High-Tech Hyatt PlaceThe budding hotel chain promises high-tech amenities--and for the most part, delivers on that promise.
James A. Martin
Contributing Editor James A. Martin offers tools, tips, and product recommendations to help you make the most of computing on the go. Martin is also author of the Traveler 2.0 blog. Sign up to have the Mobile Computing Newsletter e-mailed to you each week.
Hotel chains are upping the ante in the tech amenities that they offer business travelers.
Case in point: Wyndham Hotels is installing "Smart Chairs" throughout its chain. Designed by Michael Graves & Associates, the chair features pivoting tables for writing, laptop computing, and dining, plus built-in power and Internet ports.
I haven't seen the Wyndham Smart Chair. But recently, I watched some dumb TV in a Hyatt Place.
Hyatt Place is a new Hyatt brand. The growing chain seeks to offer style, sophistication, and plenty of tech amenities. Each room has a 42-inch LG Electronics high-def LCD TV--which is why I ended up watching Bionic Woman.
Recently, I spent three nights in the new Greensboro, North Carolina Hyatt Place. Overall, my stay was pleasurable, though not problem-free.
Great for Gadget Fans--but not Perfect
In my room, below the 42-inch LCD TV and off to the right, was a panel of connector ports, called the Hyatt Plug Panel. The ports allow you to connect a laptop (via VGA cable), DVD player, or portable media player (such as an Apple iPod) to the LG screen. I've posted a video on Traveler 2.0 that shows the screen, the panel of ports, and the room I stayed in (number 617).
I can imagine a business professional reviewing a Microsoft PowerPoint slides on the large LCD the night before a presentation. Just make sure to bring your VGA cable, as there wasn't one in my room. (I borrowed one from the hotel's friendly manager.)
Hyatt Place also offers free Wi-Fi in every guest room. Guest-Tek provides the hotel's Wi-Fi service, called OneView Internet. In my room, the wireless signal was strong.
If everything works as planned, you simply launch your browser and click to accept the terms and conditions. The OneView Internet service should automatically identify your room number as one that's currently occupied and grant you 24-hour Internet access. However, when I attempted to connect, I kept receiving a message that the room number I entered was incorrect.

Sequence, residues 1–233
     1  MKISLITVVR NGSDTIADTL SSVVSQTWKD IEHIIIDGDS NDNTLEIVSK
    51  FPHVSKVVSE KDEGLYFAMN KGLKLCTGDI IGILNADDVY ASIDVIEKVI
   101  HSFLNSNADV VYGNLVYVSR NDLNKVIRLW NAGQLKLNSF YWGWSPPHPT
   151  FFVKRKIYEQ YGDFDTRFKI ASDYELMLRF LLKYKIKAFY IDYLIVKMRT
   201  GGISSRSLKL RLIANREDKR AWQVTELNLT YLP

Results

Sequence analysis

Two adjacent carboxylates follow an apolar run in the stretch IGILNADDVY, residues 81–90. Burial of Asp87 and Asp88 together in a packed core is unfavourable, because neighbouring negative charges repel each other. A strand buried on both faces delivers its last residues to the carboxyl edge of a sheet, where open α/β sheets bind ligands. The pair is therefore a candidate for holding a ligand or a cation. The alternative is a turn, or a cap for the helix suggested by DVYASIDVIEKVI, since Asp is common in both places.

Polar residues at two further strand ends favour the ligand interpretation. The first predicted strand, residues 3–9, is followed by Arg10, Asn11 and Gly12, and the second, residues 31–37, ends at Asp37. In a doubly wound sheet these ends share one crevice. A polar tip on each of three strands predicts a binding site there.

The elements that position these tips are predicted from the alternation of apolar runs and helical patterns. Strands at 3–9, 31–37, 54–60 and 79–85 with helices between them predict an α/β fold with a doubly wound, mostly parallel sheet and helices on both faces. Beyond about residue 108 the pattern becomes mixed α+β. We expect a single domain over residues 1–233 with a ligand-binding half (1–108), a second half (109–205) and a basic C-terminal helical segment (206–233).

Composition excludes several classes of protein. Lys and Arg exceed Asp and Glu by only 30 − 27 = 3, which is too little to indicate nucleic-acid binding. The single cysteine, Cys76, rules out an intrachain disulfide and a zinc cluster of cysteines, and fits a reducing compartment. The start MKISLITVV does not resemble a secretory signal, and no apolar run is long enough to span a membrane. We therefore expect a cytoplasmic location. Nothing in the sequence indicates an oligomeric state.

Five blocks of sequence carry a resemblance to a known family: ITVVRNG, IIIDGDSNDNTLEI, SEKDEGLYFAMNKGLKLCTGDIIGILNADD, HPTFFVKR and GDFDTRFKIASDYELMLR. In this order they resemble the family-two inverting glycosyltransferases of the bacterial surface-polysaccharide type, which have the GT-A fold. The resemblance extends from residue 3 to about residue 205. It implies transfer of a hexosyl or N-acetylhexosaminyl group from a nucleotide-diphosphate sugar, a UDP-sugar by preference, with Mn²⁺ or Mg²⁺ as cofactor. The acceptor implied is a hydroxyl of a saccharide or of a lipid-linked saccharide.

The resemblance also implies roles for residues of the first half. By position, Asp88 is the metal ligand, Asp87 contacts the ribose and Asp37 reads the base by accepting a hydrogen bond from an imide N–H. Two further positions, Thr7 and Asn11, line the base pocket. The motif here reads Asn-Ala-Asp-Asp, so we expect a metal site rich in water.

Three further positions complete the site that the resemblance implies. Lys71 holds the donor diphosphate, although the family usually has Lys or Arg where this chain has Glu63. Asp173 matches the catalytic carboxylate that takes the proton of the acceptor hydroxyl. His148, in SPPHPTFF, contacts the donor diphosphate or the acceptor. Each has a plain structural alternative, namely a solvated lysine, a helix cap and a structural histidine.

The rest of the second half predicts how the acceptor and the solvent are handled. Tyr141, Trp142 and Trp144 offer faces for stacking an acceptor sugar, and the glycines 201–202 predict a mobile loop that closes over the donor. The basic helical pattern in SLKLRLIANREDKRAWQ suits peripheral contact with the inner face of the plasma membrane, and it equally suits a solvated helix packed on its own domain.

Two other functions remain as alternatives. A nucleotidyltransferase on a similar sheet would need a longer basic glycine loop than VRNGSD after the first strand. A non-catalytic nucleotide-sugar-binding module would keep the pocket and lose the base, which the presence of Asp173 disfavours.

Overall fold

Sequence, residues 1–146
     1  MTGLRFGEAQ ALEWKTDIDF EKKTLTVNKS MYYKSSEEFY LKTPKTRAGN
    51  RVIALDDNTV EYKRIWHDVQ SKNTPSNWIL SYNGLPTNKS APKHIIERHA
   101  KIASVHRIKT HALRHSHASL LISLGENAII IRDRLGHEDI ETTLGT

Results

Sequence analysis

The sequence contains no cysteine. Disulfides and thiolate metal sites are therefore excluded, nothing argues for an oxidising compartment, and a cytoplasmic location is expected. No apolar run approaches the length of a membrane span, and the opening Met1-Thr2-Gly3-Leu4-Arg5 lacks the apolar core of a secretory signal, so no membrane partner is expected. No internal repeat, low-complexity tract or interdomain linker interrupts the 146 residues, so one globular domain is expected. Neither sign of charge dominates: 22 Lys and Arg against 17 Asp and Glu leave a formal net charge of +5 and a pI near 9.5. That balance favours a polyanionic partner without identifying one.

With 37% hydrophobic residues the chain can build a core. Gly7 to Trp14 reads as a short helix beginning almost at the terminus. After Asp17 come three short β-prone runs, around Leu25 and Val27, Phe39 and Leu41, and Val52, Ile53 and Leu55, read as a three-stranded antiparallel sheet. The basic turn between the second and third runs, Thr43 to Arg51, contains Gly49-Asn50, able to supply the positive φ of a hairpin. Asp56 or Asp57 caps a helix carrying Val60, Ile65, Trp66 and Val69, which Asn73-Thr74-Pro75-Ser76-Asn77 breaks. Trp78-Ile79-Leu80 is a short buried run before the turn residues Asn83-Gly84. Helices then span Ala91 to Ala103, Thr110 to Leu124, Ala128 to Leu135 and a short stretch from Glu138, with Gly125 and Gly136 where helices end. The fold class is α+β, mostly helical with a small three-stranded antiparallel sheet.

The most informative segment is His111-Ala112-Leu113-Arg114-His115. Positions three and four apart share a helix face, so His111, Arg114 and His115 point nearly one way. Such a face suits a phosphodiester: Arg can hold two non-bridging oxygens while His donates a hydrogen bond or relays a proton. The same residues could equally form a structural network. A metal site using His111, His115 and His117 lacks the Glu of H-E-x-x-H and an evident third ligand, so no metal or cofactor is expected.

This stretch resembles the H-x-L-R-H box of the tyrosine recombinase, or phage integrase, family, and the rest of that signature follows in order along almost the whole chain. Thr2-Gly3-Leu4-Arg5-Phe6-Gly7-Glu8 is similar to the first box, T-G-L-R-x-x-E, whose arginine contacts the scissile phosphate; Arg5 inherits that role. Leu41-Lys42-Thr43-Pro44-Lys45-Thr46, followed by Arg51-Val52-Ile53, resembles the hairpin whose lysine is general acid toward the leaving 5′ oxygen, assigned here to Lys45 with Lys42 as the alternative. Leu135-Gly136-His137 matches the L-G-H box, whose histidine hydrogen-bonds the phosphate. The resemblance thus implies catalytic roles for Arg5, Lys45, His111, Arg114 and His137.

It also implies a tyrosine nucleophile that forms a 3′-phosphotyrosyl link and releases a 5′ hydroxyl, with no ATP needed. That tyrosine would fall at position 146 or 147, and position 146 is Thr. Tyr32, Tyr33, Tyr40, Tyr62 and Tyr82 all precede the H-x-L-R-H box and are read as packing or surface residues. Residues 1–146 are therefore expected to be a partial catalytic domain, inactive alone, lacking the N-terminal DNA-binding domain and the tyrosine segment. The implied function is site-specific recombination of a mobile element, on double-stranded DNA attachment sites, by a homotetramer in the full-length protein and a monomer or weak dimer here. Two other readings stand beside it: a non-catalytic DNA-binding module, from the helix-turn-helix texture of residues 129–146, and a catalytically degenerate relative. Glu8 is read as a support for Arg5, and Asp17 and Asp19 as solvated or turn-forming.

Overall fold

I called the toll-free tech support number and a technician answered promptly. I explained my situation. To remedy the problem, he manually entered my room number from his end. Within about 10 minutes, I was online. Unfortunately, I had to call tech support again to reconnect 24 hours later.
A Hyatt spokesperson said my experience was likely an isolated incident. She added that Wi-Fi access isn't dependent on room number and that you don't have to be a registered guest to access Hyatt Place's Wi-Fi.
A Work in Progress
The hotel in which I stayed was transitioning from an AmeriSuites to a Hyatt Place, so I didn't experience the full Hyatt Place concept, which includes a business center to which guests can print documents directly from their rooms; a Starbucks coffee bar; and a Guest Kitchen, from which you can order food 24 hours a day. You can check in and out using a touch screen in the lobby, if you like that sort of thing. (Unless there's a long wait, I'd rather deal with a human.)
A few quibbles: My room lacked a safe, which I believe that any hotel designed for techie travelers should offer. (The Hyatt spokesperson said many Hyatt Place hotels do offer in-room safes.) The guest room telephone system was old school: Local calls were 50 cents each; long-distance calls were charged at a daytime operator-assisted rate plus a 40 percent hotel surcharge. In this age of low Voice over IP phone rates, a high-tech hotel should offer unlimited long-distance calling for free, or at least heavily discounted. (In-room phone charges vary by state, the Hyatt spokesperson said.)
On the positive side, the work desk and chair in my room were comfortable, though nothing special. The king-sized bed somehow managed to be simultaneously soft and firm--just right. I loved the big sleeper sofa, complete with ottoman. My room had a mini fridge, in which I chilled yogurt, fruit, and bottled water bought from a grocery store. Room rates are reasonable, too. At the Greensboro Hyatt Place, AAA discounted rates were recently $125 per weeknight, $80 on weekends.
I recommend Hyatt Place--but for my next hotel stay, I may have to give the Wyndham Smart Chair a try.
More on Hotels for Business Travelers
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